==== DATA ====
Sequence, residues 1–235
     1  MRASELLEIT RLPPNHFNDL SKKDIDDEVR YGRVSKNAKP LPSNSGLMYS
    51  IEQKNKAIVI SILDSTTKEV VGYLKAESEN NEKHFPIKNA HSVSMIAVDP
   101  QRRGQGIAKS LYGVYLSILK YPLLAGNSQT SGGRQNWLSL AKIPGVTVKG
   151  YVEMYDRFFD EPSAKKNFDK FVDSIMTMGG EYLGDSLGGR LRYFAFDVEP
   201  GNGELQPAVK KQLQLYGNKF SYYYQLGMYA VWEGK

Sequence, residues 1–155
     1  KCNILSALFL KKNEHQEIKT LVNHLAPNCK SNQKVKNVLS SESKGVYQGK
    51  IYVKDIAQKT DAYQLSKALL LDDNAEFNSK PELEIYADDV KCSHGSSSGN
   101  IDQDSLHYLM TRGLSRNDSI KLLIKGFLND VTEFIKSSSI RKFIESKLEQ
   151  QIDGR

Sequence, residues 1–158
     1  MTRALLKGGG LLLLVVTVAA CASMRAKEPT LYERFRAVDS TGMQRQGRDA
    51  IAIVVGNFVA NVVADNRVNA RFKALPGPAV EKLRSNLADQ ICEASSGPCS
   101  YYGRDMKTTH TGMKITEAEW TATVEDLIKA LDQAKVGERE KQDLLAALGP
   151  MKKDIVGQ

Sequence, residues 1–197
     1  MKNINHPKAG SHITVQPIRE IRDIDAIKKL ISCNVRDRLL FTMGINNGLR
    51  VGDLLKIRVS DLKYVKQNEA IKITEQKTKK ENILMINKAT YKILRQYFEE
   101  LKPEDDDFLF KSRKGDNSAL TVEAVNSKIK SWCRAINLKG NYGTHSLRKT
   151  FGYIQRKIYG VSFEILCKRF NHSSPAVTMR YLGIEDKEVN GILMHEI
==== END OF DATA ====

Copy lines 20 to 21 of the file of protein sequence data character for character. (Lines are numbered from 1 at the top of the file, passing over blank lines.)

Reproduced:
   101  LKPEDDDFLF KSRKGDNSAL TVEAVNSKIK SWCRAINLKG NYGTHSLRKT
   151  FGYIQRKIYG VSFEILCKRF NHSSPAVTMR YLGIEDKEVN GILMHEI